But that the teacher should be forbidden from venturing such an assignment--nay, even attacked for it--well, that's more than likely parents with unfulfilled lives taking some target practice.

  2. I have spent years thinking of and researching how Nazis' minds worked. Until you understand that, you don't understand yourself.

    1. Why? I can not understand myself without understanding the mind of a Nazi? That doesnt make sense.

    2. The Nazis represented evil run rampant. Everyone has an Amalek (yetzer hara)within him that produces as many excuses to do evil as the most hard-boiled Nazi, plus the Nazi specialty of doing evil under guise of claiming it was the greatest virtue. Experiments have shown that under the right circumstances everyday people can easily be persuaded to behave like Nazis. It's good to know this sort of stuff rather than think of them as a different species.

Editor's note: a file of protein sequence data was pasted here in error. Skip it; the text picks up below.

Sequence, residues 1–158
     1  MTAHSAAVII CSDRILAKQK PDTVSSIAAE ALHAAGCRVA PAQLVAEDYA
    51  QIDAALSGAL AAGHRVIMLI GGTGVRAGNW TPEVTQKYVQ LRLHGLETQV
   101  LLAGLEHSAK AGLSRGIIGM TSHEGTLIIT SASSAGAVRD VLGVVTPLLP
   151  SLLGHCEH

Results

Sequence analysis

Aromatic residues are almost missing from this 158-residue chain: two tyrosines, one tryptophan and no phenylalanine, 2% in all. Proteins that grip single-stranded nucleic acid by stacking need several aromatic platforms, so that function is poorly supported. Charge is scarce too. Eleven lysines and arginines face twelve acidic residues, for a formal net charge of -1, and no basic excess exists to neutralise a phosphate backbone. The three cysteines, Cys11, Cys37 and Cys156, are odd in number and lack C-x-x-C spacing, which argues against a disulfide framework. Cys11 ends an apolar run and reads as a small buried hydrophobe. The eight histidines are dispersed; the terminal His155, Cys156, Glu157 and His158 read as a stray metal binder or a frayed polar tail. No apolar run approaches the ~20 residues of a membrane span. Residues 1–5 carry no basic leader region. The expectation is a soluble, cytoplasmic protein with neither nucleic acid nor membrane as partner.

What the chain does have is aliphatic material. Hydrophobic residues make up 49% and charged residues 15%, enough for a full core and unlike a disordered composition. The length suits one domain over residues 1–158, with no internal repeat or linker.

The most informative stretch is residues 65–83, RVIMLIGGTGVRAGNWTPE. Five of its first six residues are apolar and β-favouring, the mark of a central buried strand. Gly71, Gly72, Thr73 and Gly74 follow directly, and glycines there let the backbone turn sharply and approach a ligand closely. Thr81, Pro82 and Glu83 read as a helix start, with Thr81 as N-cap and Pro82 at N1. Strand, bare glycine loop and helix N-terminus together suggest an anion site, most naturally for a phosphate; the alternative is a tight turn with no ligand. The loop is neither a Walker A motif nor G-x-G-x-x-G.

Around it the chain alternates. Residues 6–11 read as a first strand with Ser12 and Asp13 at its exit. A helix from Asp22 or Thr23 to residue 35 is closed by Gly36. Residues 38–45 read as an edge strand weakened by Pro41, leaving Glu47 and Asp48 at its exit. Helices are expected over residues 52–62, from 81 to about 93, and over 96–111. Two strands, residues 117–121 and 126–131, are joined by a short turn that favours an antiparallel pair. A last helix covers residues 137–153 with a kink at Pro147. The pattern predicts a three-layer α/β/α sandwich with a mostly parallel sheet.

3. That is a different point. It may be important to understand the fragility of the human condition and the potential for evil as a means of averting another Third Reich. That is different than saying we need to understand pure evil in order to understand ourselves. Even if we all are capable of sinking to that level, it does not follow that an understanding of the mind of one who has sunk so low is necessary to the understanding of oneself.

    4. Really Interesting BookApril 16, 2013 at 7:12 AM

      Peter Sichrovsky's Born Guilty, interviewing children of Nazi officers.

    5. "Everyone has an Amalek (yetzer hara)within him that produces as many excuses to do evil as the most hard-boiled Nazi"

      What mentally sick nonsense. There is no Amalek inside me and no nazi inside me. And yetzer hara is not amalek.